Date: Tuesday, June 4, 2019
Session Name: Poster Session D: Non-Organ Specific: Economics & Ethics
Session Time: 6:00pm-7:00pm
Presentation Time: 6:00pm-7:00pm
Location: Hall C & D
*Purpose: To compare and evaluate outcomes of for younger (Y) versus elderly (E) kidney transplant recipients (KTR) during the first year post-transplant. As the number of elderly KTR increases, differences between this population and younger are unknown.
*Methods: A single-center retrospective analysis of medical records of 318 first-time KTR from 2003-10 on mycophenolate, tacrolimus, and steroid regimen was performed. The study population was divided into two cohorts: (Y: ≤59 yrs; n=172; E: ≥65 yrs; n=146). KTR aged 60-64 were excluded to distinguish groups. Baseline characteristics, the number of readmissions post-transplant (RA), readmission lengths of stay (LOS), and the total follow-up costs of the first year post-transplant were analyzed. Reliability was tested using the Wilcoxon rank-sum test for the median comparisons between elderly and younger subjects’ number of readmissions, readmission lengths of stay, and follow-up costs during the first year post-transplant. The chi-square test was used to test significance when readmission during the first year was tested as a binary variable (yes vs no).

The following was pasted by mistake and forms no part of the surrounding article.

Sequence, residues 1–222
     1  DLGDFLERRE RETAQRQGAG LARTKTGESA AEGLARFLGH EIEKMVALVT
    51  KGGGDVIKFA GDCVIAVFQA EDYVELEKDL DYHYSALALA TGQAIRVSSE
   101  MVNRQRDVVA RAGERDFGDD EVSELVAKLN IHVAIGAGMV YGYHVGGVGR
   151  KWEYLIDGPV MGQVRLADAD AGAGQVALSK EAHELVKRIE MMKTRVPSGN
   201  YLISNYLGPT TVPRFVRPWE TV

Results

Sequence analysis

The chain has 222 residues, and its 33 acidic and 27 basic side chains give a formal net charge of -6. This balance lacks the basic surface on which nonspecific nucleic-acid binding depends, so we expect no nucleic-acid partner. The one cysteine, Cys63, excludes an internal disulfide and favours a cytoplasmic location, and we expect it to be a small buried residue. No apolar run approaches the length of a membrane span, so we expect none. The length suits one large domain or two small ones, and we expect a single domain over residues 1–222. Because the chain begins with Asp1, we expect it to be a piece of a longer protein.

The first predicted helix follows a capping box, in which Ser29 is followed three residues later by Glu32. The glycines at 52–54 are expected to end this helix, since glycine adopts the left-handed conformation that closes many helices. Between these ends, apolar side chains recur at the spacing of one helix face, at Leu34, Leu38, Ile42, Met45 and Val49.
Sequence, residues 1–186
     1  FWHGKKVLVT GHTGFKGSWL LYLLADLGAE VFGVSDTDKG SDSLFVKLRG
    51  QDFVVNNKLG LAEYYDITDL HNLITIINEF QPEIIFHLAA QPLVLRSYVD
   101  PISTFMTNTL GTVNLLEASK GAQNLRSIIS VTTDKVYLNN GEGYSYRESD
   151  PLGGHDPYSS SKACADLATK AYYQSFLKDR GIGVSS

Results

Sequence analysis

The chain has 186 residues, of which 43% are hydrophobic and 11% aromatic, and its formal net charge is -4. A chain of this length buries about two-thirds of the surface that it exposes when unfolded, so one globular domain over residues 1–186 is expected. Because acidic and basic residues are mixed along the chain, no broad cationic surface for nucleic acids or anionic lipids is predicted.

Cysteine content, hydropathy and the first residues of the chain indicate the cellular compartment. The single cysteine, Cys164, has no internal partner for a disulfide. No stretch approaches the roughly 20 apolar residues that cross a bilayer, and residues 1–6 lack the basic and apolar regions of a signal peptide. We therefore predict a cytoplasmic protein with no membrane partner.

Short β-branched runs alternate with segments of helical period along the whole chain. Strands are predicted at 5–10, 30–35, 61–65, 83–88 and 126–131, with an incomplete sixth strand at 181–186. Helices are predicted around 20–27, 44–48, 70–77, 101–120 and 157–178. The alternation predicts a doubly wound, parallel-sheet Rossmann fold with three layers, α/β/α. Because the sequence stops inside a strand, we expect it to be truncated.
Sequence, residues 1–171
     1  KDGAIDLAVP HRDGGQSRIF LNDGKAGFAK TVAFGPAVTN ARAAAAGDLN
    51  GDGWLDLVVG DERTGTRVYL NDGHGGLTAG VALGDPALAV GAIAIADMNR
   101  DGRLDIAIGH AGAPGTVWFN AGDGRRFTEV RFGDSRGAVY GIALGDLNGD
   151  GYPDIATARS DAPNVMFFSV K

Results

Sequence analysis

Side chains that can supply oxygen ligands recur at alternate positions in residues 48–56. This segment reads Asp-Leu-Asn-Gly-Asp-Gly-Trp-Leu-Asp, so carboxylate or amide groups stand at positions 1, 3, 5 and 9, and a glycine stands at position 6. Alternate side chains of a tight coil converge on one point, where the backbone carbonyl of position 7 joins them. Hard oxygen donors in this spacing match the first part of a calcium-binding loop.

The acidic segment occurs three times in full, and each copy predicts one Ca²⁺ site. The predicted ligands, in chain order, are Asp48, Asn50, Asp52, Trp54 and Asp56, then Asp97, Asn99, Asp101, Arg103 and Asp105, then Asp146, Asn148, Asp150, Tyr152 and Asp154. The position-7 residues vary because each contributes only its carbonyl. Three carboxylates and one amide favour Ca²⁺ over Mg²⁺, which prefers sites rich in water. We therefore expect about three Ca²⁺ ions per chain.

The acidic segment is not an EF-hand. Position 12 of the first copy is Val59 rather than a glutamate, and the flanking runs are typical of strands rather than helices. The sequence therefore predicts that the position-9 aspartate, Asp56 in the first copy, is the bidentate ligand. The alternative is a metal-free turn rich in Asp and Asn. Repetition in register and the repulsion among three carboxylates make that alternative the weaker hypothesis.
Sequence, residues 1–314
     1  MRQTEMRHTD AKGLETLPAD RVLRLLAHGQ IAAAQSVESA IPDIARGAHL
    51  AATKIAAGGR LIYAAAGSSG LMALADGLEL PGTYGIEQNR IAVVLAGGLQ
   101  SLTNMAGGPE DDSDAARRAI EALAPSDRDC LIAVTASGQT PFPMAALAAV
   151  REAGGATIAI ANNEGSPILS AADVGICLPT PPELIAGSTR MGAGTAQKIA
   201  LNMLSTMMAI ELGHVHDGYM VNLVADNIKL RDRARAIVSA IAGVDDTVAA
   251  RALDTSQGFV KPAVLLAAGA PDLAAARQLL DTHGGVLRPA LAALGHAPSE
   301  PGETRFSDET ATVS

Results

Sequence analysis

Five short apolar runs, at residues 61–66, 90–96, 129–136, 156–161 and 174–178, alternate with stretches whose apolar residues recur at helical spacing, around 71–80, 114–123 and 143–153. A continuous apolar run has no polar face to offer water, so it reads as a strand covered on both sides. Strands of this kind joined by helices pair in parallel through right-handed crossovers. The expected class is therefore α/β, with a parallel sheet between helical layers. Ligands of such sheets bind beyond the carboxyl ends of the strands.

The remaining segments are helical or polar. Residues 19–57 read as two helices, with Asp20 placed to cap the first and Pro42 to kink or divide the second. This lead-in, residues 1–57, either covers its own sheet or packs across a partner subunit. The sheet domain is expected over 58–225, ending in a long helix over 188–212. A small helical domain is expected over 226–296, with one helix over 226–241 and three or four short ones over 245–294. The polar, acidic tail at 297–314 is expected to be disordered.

*Results: Younger and elderly KTR had similar numbers of RA and LOS; however, elderly follow-up costs were significantly more than younger subjects.
|Table 1||Younger||n = 172||Elderly||n = 146||Y vs E, p-value|
|Transplant Hospitalization LOS, days||5 (4, 7)||172||5 (5, 7)||146||NS|
|Follow-up costs at 1 year, $||185955 (144344, 264409.25)||172||212397 (166613.25, 274234.25)||146||<0.01|
|eGFR at 1 year, median mL/min/1.73m2||46.47 (34.96, 60.1)||172||49.19 (37.47, 64.85)||146||NS|
|Number of readmissions per patient, median||1 (0, 2)||172||1 (0, 2)||146||NS|
|Readmission lengths of stay, median days||1 (0, 10)||172||3 (0, 10.75)||146||NS|
|Readmission rate, (%)||89 (51.7)||172||86 (58.9)||146||NS|
*Conclusions: Elderly KTR appear to present a greater economic burden on hospital systems during the first year post-transplant due to the greater costs of care; however, with similar post-transplant rates of RA and LOS, the costs incurred may be related to comorbid health conditions rather than transplant-related follow-up. A more detailed analysis of the reasons for expensive hospitalizations post-transplant may be beneficial in determining the risk-benefit of transplanting elderly patients.
To cite this abstract in AMA style:Yaldo A, Bajjoka I, Crombez C, Abouljoud M. A Financial Analysis of Elderly Kidney Transplant Recipients [abstract]. Am J Transplant. 2019; 19 (suppl 3). https://atcmeetingabstracts.com/abstract/a-financial-analysis-of-elderly-kidney-transplant-recipients/. Accessed June 26, 2019.
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